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Psychiatry Res. 2016 Feb 28;236:53-7. doi: 10.1016/j.psychres.2015.12.035. Epub 2015 Dec 31.

Impaired face recognition is associated with social inhibition.

Author information

1
Vanderbilt Brain Institute, Vanderbilt University, Nashville, TN, USA; Department of Psychiatry, Vanderbilt University Medical Center, Nashville, TN, USA.
2
Department of Psychiatry, Vanderbilt University Medical Center, Nashville, TN, USA.
3
Vanderbilt Brain Institute, Vanderbilt University, Nashville, TN, USA; Department of Psychiatry, Vanderbilt University Medical Center, Nashville, TN, USA; Department of Psychology, Vanderbilt University, Nashville, TN, USA. Electronic address: j.blackford@vanderbilt.edu.

Abstract

Face recognition is fundamental to successful social interaction. Individuals with deficits in face recognition are likely to have social functioning impairments that may lead to heightened risk for social anxiety. A critical component of social interaction is how quickly a face is learned during initial exposure to a new individual. Here, we used a novel Repeated Faces task to assess how quickly memory for faces is established. Face recognition was measured over multiple exposures in 52 young adults ranging from low to high in social inhibition, a core dimension of social anxiety. High social inhibition was associated with a smaller slope of change in recognition memory over repeated face exposure, indicating participants with higher social inhibition showed smaller improvements in recognition memory after seeing faces multiple times. We propose that impaired face learning is an important mechanism underlying social inhibition and may contribute to, or maintain, social anxiety.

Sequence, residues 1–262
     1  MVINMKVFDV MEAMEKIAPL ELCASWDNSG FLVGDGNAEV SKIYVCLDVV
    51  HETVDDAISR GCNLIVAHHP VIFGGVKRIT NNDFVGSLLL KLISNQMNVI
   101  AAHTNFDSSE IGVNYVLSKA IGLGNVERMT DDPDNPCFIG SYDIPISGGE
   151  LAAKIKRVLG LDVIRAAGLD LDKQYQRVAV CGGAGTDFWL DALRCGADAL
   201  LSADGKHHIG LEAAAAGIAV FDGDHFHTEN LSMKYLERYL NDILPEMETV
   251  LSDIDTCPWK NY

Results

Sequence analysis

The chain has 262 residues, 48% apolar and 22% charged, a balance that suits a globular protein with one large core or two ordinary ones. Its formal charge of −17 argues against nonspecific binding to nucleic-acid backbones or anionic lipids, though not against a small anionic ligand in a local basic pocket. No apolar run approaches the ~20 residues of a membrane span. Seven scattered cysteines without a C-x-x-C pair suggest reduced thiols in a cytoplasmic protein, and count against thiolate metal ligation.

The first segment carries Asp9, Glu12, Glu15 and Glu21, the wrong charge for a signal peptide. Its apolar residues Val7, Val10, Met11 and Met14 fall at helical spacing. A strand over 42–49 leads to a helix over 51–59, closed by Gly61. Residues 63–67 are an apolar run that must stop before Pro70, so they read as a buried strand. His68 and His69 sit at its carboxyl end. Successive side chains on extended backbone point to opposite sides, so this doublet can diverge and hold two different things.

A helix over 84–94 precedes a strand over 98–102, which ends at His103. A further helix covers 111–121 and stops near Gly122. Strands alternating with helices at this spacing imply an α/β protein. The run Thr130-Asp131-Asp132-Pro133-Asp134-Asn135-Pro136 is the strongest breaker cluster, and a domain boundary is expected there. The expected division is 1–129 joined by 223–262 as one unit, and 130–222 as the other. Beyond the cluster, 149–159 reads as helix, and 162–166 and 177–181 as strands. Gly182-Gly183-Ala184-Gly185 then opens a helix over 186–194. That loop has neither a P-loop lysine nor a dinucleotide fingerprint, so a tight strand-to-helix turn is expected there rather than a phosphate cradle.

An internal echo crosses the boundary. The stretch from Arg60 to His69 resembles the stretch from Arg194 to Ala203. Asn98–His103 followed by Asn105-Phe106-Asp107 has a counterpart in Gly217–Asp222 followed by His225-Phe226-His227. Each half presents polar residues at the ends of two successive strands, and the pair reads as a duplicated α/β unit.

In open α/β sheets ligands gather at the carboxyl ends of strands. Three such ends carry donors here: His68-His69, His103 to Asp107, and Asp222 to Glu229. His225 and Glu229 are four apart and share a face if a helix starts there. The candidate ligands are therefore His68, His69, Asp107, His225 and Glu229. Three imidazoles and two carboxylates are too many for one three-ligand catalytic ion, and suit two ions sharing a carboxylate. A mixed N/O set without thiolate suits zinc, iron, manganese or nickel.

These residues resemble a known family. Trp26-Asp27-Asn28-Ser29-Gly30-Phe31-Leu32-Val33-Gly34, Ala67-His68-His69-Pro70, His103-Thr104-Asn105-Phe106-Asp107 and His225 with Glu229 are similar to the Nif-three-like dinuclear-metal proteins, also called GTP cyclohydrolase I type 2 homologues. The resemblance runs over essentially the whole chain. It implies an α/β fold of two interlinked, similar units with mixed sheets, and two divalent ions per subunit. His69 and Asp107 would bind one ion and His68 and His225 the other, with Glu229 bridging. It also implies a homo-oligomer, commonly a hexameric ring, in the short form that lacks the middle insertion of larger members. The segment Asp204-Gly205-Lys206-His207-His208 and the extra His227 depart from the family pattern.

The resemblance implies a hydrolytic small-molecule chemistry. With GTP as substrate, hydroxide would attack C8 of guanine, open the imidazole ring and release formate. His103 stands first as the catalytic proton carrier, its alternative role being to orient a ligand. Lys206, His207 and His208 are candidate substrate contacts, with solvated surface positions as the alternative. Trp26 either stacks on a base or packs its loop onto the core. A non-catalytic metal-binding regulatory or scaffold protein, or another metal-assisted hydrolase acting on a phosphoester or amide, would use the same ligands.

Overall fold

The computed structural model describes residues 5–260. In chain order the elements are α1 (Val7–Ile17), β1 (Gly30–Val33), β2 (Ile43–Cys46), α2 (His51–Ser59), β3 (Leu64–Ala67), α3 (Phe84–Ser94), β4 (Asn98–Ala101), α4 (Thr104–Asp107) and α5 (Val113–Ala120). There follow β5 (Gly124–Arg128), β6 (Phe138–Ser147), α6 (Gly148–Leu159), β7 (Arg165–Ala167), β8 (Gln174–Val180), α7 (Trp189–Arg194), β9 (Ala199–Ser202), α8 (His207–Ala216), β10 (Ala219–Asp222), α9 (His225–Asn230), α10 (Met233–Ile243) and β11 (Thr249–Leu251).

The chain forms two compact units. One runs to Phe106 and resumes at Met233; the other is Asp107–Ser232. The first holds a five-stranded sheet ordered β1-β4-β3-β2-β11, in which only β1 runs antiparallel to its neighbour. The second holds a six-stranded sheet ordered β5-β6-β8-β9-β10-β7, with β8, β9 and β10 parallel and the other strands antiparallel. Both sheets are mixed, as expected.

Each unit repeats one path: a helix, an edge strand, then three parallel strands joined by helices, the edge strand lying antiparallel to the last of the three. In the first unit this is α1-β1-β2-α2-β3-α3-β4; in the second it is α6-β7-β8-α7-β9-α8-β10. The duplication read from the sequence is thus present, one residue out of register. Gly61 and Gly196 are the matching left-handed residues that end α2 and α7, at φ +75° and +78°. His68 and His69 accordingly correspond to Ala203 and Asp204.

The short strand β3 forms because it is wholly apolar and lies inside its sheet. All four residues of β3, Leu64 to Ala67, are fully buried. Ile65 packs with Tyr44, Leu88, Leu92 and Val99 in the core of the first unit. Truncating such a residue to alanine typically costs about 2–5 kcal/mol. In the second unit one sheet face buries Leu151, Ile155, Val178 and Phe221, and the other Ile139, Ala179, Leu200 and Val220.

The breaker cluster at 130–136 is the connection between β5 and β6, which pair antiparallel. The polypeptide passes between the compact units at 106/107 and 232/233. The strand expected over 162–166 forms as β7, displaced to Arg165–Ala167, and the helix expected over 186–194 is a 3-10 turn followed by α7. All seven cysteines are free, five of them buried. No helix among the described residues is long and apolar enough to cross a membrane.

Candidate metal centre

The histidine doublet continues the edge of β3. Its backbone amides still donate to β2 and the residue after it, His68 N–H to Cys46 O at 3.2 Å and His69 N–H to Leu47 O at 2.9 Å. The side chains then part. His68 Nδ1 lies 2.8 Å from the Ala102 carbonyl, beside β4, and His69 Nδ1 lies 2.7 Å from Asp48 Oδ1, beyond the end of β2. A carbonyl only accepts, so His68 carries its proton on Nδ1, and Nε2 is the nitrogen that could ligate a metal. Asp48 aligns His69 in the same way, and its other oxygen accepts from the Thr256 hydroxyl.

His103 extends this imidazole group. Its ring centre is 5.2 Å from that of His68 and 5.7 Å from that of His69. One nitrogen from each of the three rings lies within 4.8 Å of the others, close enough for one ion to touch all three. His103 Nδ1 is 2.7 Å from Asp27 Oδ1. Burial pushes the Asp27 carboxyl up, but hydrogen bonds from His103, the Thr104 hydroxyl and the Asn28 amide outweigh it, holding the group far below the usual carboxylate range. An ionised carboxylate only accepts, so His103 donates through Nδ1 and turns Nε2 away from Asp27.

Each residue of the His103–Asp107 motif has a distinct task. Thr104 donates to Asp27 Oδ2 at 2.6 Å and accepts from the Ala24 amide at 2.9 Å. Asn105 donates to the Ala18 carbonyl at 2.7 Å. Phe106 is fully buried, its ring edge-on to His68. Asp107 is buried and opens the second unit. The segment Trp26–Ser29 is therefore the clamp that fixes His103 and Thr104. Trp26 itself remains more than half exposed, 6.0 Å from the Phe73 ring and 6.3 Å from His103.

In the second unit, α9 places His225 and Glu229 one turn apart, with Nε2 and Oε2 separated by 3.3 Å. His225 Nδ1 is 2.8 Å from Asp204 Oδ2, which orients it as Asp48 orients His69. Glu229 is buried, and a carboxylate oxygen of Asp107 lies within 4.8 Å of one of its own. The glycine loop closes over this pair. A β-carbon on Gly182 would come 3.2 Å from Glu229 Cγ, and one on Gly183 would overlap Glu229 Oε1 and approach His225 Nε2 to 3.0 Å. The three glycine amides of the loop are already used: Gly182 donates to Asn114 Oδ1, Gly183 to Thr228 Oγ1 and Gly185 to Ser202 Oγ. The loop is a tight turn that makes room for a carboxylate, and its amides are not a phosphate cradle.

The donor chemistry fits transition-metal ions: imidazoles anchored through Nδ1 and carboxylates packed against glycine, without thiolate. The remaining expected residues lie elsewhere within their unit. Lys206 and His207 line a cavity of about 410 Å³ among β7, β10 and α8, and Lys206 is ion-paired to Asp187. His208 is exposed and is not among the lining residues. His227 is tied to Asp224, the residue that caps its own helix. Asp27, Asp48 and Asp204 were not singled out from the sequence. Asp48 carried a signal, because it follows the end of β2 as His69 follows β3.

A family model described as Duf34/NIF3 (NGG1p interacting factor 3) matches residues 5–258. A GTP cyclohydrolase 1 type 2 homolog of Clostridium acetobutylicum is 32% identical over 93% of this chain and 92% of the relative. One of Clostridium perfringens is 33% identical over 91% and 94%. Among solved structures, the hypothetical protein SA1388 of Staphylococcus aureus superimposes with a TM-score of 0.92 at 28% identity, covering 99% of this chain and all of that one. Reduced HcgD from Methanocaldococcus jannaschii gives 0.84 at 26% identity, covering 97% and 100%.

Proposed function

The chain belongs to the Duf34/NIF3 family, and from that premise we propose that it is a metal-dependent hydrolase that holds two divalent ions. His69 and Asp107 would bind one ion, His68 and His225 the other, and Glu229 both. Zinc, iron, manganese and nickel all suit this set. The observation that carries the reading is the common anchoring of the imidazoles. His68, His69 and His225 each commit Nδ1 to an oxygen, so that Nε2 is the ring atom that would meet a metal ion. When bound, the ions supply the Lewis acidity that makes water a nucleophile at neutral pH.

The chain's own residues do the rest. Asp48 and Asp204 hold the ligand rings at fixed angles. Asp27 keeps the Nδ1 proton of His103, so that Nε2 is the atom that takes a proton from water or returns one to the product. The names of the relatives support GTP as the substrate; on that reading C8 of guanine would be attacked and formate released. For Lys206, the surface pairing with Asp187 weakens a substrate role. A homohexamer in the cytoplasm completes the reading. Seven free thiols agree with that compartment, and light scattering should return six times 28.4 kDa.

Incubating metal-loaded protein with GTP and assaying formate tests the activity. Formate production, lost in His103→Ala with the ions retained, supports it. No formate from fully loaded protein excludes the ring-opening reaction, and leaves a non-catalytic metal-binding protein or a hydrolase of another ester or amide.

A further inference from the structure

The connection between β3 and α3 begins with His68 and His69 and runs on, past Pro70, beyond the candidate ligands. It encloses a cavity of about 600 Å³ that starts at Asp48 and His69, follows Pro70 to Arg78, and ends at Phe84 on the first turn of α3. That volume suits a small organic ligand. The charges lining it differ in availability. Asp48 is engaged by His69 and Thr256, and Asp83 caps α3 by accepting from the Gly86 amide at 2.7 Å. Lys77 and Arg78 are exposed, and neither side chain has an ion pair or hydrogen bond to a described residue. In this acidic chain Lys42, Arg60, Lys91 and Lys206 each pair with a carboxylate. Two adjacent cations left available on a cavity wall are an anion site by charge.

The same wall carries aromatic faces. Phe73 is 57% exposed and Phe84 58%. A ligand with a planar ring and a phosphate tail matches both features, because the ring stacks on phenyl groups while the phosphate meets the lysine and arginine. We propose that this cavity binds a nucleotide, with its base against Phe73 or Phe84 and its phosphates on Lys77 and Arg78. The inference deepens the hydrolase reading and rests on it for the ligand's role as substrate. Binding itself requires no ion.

KEYWORDS:

Habituation; Individual differences; Novel faces; Social anxiety; Temperament

PMID:
26776300
PMCID:
PMC4747684
[Available on 2017-02-28]
DOI:
10.1016/j.psychres.2015.12.035
[Indexed for MEDLINE]
Free PMC Article

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